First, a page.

My mom's cat is weird like that, too. She has been spayed, though. She likes to lay on her back and talks constantly, when you touch her, or even sometimes look at her. She likes to lay on her back, spread eagle, with her front paws pulled up by her face like she is dead. It's hilarious. I have had siamese all my life and some are very vocal, and some are very quiet. My siamese right now is very quiet, it is a male and he sounds like a little girl kitten, no joke. I would wait to get here spayed and see if that resolves the situation. She sounds like a very loving kitten, if you ask me. I hope things work out for you.
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- Pamela VLv 71 decade ago
I'd keep checking about the spaying. Cats can be young when going into heat and her behavior does sound like she is in heat, My cats Vet does the spaying operation at about 4 months of age before the females go into heat. Siamese are very talkative. I don't think that spaying will help with the talking. It sounds like your little darling may like to hear her own voice.LOL Just keep on loving her for her. Give her a petting for me.
- 1 decade ago
ALL CATS do the kneeding/marching thing! Its NORMAL, and verry cute. They usually do this before going to sleep.
I have a Siamese mix too, VERY vocal, very NORMAL. They are a talkative breed, very intelligent. You need to give her MORE attention, like ALL THE TIME! She's being vocal because she is complaining! She's trying to communicate with you! The more u ignore, the more stupid she thinks u are!
The tummy down with the bum/tail up, my cat does the same thing, i give her a massage on her lower back before her tail, she loves it!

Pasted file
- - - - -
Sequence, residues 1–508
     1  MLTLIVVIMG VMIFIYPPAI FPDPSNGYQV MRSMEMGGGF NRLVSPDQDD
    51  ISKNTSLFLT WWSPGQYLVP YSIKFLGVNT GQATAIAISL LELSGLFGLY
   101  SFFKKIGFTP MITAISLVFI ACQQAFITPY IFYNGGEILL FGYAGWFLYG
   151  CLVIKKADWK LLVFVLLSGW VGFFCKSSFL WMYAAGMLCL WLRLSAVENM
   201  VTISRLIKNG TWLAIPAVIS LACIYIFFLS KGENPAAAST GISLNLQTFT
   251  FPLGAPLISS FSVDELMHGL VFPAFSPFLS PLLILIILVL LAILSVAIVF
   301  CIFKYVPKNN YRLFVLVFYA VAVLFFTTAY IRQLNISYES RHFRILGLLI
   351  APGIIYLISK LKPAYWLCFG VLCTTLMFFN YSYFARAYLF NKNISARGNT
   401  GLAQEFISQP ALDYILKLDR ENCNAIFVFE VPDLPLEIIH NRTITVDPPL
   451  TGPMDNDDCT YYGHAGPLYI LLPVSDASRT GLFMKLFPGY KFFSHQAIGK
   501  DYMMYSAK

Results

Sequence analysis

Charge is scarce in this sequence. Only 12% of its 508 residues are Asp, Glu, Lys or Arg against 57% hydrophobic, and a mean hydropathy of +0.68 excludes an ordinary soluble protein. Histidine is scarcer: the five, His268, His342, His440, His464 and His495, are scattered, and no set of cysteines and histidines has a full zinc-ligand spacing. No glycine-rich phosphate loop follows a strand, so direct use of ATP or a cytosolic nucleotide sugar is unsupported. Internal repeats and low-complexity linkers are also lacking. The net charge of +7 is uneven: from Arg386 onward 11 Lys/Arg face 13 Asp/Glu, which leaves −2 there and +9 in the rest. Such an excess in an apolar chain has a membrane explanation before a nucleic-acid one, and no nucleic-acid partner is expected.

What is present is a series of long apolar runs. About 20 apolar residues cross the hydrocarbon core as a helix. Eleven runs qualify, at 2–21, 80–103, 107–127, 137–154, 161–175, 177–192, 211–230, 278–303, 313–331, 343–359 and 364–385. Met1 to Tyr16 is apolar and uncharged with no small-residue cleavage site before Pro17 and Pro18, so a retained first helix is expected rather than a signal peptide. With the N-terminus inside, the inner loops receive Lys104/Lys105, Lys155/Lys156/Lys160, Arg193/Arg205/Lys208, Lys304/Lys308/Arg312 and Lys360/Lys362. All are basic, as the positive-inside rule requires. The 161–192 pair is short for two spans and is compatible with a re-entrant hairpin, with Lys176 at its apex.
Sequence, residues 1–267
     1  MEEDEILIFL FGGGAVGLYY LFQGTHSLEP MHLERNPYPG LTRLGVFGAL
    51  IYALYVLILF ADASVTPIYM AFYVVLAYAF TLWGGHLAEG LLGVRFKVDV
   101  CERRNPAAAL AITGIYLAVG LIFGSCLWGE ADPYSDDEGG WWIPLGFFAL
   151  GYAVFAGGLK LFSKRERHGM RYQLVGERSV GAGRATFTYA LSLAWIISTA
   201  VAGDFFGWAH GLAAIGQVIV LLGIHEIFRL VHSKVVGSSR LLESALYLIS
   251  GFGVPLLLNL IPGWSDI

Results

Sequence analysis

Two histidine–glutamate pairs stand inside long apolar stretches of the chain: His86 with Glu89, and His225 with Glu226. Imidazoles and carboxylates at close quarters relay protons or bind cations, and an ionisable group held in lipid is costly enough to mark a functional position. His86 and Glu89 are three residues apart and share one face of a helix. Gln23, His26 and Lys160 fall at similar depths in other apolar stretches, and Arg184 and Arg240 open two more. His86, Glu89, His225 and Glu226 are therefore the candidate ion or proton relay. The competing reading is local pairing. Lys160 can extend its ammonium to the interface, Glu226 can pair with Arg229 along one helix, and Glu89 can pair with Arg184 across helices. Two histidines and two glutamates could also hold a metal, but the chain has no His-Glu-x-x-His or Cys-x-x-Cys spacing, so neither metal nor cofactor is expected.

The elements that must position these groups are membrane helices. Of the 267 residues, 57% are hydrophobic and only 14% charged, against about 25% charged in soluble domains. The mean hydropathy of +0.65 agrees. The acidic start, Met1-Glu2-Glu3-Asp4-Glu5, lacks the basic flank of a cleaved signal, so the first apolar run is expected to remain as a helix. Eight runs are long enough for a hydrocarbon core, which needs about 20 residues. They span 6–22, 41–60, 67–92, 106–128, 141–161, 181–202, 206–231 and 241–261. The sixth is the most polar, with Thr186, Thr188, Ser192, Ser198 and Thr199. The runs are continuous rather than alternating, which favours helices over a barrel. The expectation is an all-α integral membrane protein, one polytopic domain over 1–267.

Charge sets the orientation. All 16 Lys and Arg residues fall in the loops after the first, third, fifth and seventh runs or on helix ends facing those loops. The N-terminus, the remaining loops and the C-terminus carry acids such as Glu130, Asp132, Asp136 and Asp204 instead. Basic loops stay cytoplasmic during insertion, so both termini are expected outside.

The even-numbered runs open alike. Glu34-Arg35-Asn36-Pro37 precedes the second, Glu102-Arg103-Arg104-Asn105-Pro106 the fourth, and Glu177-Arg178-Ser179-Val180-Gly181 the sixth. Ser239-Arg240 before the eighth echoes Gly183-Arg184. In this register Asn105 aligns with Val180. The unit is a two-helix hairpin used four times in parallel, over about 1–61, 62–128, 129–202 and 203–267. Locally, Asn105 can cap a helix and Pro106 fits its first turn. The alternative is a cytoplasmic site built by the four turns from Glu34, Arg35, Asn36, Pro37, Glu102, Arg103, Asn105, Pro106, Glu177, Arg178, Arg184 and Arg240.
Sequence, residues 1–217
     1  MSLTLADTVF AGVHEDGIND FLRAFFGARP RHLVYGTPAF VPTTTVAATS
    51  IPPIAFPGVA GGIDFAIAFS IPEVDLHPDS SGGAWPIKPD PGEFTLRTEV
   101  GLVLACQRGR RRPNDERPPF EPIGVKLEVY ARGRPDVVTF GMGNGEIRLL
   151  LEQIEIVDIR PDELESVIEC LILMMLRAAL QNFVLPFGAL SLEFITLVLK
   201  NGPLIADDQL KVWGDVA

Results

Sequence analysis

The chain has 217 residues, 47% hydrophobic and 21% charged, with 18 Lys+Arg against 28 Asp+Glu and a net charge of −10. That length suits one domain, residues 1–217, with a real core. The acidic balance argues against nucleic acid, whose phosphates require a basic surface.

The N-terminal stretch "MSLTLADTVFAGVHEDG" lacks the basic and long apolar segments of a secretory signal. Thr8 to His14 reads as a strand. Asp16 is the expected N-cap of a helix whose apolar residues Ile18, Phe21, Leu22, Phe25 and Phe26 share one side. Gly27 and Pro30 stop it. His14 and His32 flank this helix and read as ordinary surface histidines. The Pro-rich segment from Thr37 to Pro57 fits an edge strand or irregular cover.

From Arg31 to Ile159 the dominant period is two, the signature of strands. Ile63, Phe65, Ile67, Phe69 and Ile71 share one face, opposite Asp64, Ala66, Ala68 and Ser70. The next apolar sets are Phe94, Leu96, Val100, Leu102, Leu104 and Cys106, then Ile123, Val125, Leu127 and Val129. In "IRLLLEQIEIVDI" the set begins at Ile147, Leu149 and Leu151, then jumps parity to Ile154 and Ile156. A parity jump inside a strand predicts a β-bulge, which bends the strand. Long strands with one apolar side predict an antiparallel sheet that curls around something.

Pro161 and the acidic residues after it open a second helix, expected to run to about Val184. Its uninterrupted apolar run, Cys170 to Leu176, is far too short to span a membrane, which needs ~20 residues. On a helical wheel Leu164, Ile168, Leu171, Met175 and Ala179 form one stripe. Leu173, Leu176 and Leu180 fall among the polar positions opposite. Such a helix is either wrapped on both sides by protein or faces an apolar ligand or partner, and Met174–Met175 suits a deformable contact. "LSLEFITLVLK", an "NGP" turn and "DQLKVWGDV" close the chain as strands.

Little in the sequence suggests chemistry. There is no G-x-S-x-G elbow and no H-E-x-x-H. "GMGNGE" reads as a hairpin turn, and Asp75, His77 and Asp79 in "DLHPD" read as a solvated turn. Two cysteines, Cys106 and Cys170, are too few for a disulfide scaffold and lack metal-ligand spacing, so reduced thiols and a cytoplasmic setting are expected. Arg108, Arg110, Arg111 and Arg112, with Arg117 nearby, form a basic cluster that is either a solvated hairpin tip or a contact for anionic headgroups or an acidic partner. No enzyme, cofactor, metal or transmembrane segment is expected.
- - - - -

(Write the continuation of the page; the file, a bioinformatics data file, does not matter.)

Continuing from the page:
You have a very loving intelligent cat, read up on her breed.
Cats have the intelligence of a 4 year old child.
A 4 year old child can learn up to 7 languages.
THINK about that.
Your cat is smart, the more u interact the smarter she gets!
Peace & Kittens!
- Anonymous1 decade ago
I have a (neutered) siamese mix as well, he has hundreds of sounds he makes and 'talks' constantly sometimes. There was one day he was mad at me for something or other, and went into the basement and howled non stop for over 3 hours. I finally got him to come upstairs and he was quiet after deciding to sit in my lap. He will meow at me, flip over on his side, stretch out and paw madly at the air for a few minutes. Sometimes he will roll around over and over and actually cover ground while doing so!
If he is quiet, I am suspicious he is not feeling well.
We have learned to live with him and his constant 'yelling' and accepted the fact he is a little odd. He was a stray and was orphaned at a few weeks old, his mother was killed by farm equipment and off to the SPCA he and his siblings went. I always wondered if his first few weeks did him any harm.
Glad to hear that possibly he is normal!Source(s): He's 11... and prattling away at me while I type..
- lyymanLv 51 decade ago
Siamese are usually very vocal and while it usually doesn't bother me, many people will not have them for that reason. I like cats and dogs, but cats are less demanding and being single I can't give a dog the attention it deserves.
Cats are generally neurotic, and so yours is perfectly "normal". I've found it easier to have 2 cats because they keep each other company, and don't have to have all your attention.
- it's meLv 41 decade ago
I have seen this in cats that lose their mother early. Often in rescues. Just give her lots and lots of TLC -- good that you work for a vet -- siamese cats are very very loving to people (sometimes very mean to other cats) and enjoy hunting. They know their people. Get the book 50 tricks to teach your cats --I did and it's a hoot my cat can roll over, play dead, shake hands, etc.
- Anonymous5 years ago
It certainly sounds like he needs to be checked out. Take him to the vet, just about any ailment is cheaper if it's treated early. The initial visit shouldn't cost too much, and any good vet will work with you if it's in the best interests of the animal -- payment plans and the like. If you find that whatever's wrong really is too expensive to handle, try asking your local no-kill shelter for help. They really, truly, care about animals and are likely to help you with vet costs. Some of them will even handle all the vet costs through a "guardian angel" program funded by community donations. Good luck. Take the little guy to the vet right away -- waiting costs more money in the long run, and could even cost his life.